This district is the city’s hub for nightlife and social activity. You will discover a plethora of traditional stores, markets, craft shops and souvenir shops. But there are also churches, such as the Basilica of Santa Maria, in the square of the same name, and which now marks the epicentre of the neighbourhood.
Pizzeria Ai Marmi
For dinner we recommend Pizzeria Ai Marmi. You will need to queue a little, but the very reasonably priced pizza prepared in a wood-fired oven is to die for and well worth the wait.
Itinerary day 3
Every visit to Rome should include a trip across the Italian border into the microstate of the Vatican City, located right in the centre of the Italian capital. This unusual state is almost more populated by priceless works of art than it is by people. Michelangelo, Bernini and Bramante all worked here in their day. The Sistine Chapel, St. Peter’s Square, and St. Peter’s Basilica and its dome, are some of the absolute must-sees. There is plenty more to explore, though: the Vatican Museums, the Necropolis and the gardens are all unparalleled attractions.
This fortress is among the most popular sights for anyone visiting Rome. It was originally the mausoleum of the prosperous emperor Hadrian, but was later used as a fort due to its robust construction. In times of trouble, it was where popes would take refuge, leading to the construction of a palatial apartment and the reinforcement of its defences. The Castel is open to visitors and houses a museum with contemporary ceramics, paintings, sculptures and weapons on display.
After the splendour of the Vatican and Castel Sant’Angelo, you may feel you deserve an equally sumptuous meal. With two Michelin stars, Il Pagliaccio will certainly live up to your expectations. Headed by chef Anthony Genovese, it specialises in the fusion of traditional Italian cuisine with other styles from around the world. Its influences include Japan, Malaysia and Thailand.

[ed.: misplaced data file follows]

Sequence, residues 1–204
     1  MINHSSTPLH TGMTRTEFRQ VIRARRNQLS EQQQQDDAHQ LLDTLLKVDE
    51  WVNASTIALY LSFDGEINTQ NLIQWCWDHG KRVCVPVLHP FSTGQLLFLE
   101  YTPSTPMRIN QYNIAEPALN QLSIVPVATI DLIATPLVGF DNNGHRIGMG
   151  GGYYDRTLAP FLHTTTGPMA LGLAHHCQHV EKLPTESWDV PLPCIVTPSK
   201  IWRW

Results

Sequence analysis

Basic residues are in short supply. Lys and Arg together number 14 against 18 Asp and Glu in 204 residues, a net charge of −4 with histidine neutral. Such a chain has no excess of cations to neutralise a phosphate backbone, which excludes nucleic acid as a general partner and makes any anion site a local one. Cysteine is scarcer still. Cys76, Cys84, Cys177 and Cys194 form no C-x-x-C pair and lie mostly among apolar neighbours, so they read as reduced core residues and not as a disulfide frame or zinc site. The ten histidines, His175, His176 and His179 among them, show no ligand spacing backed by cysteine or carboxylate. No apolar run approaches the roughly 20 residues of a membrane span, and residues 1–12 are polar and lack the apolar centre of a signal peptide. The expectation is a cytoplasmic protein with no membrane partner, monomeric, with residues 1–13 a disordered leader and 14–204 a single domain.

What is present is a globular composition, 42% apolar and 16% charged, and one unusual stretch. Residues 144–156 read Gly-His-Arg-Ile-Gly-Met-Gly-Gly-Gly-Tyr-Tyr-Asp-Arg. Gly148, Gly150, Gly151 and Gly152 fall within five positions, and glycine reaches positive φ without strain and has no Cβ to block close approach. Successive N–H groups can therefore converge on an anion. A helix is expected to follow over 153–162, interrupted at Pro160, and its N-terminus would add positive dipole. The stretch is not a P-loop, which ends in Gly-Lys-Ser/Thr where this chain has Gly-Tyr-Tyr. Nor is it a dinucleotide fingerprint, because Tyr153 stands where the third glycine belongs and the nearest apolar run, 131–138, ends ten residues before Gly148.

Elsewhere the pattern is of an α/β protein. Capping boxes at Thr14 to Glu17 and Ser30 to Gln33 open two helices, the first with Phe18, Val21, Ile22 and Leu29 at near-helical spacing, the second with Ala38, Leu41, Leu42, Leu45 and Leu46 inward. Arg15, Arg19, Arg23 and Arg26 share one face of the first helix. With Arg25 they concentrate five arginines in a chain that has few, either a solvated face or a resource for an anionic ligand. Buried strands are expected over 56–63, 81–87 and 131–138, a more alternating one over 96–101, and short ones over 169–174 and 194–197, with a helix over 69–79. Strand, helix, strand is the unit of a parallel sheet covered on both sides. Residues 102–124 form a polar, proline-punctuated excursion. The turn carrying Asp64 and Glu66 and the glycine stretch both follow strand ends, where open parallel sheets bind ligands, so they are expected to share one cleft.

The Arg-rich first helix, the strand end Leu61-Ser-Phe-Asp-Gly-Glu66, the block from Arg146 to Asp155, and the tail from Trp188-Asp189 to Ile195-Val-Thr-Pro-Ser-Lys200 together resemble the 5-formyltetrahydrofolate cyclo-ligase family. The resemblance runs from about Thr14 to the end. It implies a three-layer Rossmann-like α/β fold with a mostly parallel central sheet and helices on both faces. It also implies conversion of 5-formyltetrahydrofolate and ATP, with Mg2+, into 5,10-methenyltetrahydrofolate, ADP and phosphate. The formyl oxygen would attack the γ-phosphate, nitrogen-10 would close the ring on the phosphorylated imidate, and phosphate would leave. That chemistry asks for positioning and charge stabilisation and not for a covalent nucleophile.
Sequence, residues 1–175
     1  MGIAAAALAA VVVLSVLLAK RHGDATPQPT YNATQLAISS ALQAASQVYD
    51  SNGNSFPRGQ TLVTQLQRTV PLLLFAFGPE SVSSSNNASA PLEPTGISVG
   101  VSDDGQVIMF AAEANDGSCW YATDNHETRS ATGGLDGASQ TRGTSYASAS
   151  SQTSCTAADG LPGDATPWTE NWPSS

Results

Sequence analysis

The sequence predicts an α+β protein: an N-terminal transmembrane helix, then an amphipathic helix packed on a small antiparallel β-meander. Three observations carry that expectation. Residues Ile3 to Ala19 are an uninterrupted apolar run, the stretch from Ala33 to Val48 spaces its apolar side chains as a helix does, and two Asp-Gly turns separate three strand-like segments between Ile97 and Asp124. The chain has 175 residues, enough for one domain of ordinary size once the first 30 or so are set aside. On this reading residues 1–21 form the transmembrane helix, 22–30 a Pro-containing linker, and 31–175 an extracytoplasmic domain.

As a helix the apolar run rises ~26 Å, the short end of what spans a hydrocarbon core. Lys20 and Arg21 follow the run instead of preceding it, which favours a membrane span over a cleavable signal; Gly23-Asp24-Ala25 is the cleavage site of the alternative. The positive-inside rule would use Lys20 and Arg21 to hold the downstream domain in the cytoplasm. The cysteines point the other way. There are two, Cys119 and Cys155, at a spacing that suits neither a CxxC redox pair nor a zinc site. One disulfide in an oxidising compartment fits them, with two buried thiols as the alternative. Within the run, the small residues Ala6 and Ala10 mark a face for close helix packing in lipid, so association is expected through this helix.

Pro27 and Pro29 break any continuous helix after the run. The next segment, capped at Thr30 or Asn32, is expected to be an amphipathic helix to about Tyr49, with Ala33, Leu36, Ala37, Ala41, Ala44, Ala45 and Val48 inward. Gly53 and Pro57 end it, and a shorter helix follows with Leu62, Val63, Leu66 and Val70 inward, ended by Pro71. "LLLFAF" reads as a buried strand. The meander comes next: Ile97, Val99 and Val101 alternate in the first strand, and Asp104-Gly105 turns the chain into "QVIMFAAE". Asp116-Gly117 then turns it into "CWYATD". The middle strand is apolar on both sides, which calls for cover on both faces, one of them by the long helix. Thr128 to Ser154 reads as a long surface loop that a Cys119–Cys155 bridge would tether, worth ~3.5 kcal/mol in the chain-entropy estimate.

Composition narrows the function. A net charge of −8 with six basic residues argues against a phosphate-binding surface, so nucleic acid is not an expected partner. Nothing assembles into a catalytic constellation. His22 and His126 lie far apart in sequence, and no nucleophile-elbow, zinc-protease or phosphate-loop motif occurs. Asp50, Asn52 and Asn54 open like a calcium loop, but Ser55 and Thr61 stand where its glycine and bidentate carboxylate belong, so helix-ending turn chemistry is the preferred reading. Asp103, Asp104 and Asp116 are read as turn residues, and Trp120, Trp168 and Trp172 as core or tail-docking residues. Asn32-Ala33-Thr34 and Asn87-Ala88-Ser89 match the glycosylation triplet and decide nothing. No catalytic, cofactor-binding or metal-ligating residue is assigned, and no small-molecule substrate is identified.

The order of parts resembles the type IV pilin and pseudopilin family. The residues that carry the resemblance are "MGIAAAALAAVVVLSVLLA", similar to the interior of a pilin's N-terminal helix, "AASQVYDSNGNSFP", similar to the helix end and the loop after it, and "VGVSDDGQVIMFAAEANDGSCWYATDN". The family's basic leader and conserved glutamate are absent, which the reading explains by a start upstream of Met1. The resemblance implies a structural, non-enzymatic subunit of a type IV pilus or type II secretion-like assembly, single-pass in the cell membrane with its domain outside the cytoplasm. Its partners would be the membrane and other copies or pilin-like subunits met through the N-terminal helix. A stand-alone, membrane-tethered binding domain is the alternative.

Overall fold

To commemorate his victories in Gaul and Hispania, Emperor Augustus ordered the construction of this Carrara-marble altar to the goddess of Peace. All four walls are covered in intricate reliefs, and there is a small door in one side through which the priests would enter to make their sacrifices.
Piazza di Spagna
If you walk ten minutes east from the Ara Pacis, you will reach Piazza di Spagna. This is one of the most popular squares in Rome, and is where you will find the famous Spanish steps and a fountain created by Bernini’s father.
The Baths of Caracalla
The famous baths commissioned by Emperor Caracalla are definitely worth a visit. In their heyday, they were the social and recreational centre of Ancient Rome. The baths were hugely popular and were decorated with beautiful frescoes, mosaics and statues. The site that remains today is still impressive and awe-inspiring. Many of the sculptures have been removed from their original locations, and a number of the marble baths themselves were repurposed to form the bases of some of the best fountains in the city.
Piazza del Popolo
This is one of the most beautiful and famous squares in Rome. Everywhere you look you will see fabulous churches and fountains with mythological scenes exquisitely sculpted in marble. Stop for a moment on the terrace on the Pincian Hill to contemplate the city from above.
One of the most spectacular green spaces in Rome is Villa Borghese: an enormous public park with a biopark housing giraffe, bison and lions.
Le Jardin de Russie
We suggest a romantic dinner for your last night in the city, and Le Jardin de Russie is just the ticket. This charming and elegant restaurant serves exquisite international cuisine. You can even book a table in its enchanting and carefully manicured garden surrounded by an ornate balustrade.